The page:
On the occasion of the St. Patrick’s Day lunch on Capitol Hill Tuesday, President Barack Obama decried the “vulgar and divisive” nature of the 2016 presidential campaign.
Obama argued, “[T]his is also about what we are teaching our children. We should not have to explain to them this darker side of politics. We should not be afraid to take them to a political rally or let them watch political debates.”
The outgoing president said, “I know that I’m not the only one in this room who may be more than a little dismayed about what’s happening on the campaign trail lately. We have heard vulgar and divisive rhetoric aimed at women and minorities and Americans who don’t look like us or pray like us or vote like we do.” (WATCH: Obama: ‘I Certainly Have Not Contributed To’ Dividing The Country)
With allusions Donald Trump and his campaign, Obama said, “We’ve seen misguided attempts to shut down that speech, however offensive it may be. We live in a country where free speech is one of the most important rights that we hold. In response to those attempts, we’ve seen actual violence and we’ve heard silence from too many of our leaders.” (RELATED: Trump Cancels Chicago Event Amid Chaos, Safety Concerns)
“Speaker Ryan, I appreciated the words on this topic that you shared with us this morning but too often, we’ve accepted this as somehow the new normal,” Obama said, adding “it’s worth asking ourselves what each of us may have done to contribute to this kind of vicious atmosphere in our politics. I suspect that all of us can recall some intemperate words that we regret. Certainly I can. And while some may be more to blame than others for the current climate, all of us are responsible for reversing it.” (RELATED: Ryan Condemns ‘The Left’ For Disrupting Trump Rallies [VIDEO])
Obama claimed that he 2016 election cycle is “not an accurate reflection of America and it has to stop. And I say that not because it’s a matter of political correctness, it’s about the way the corrosive behavior can undermine our democracy and our society and even our economy.”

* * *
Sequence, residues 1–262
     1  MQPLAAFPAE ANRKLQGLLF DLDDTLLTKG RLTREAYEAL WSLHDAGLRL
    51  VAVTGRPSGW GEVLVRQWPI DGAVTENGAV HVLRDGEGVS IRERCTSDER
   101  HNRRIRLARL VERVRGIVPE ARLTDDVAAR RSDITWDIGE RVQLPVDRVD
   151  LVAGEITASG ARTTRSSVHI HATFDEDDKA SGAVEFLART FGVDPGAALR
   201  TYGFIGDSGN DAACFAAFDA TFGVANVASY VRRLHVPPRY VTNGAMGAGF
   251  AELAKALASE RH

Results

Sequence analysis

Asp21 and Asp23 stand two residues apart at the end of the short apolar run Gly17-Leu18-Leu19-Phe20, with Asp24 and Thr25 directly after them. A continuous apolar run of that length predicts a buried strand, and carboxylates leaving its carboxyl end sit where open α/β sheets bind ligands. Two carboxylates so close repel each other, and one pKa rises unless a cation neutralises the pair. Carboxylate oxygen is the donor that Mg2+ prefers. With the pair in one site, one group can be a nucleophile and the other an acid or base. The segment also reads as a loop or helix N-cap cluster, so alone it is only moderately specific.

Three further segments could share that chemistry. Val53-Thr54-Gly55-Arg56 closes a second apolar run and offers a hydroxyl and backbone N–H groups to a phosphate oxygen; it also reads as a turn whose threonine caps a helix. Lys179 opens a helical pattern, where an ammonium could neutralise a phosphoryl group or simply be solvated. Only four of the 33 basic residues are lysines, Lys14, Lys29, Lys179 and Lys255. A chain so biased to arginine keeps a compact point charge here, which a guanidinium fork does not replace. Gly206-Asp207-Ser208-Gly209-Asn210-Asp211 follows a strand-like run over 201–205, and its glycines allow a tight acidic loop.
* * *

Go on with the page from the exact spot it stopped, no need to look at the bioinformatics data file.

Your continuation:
“In America, there aren’t laws that say we have to be nice to each other or courteous or treat each other with respect, but there are norms, there are customs,” Obama said, “The longer that we allow the political rhetoric of late to continue and the longer that we tacitly accept it, we create a permission structure that allows the animosity in one corner of our politics to infect our broader society. And animosity breeds animosity.”
“[T]his is also about the American brand. Who are we? How are we perceived around the world? There’s a reason that America has always attracted the greatest talent from every corner of the globe. There’s a reason that ‘Made in America’ means something. It’s because we’re creative and dynamic and diverse and inclusive and open. Why would we want to see that brand tarnished,” Obama asked.
“The world pays attention to what we say and what we do,” he said.
The president concluded, “We should be teaching [our children] that this democracy is a vibrant and precious thing. And it’s going to be theirs someday. And we want them to elevate it.”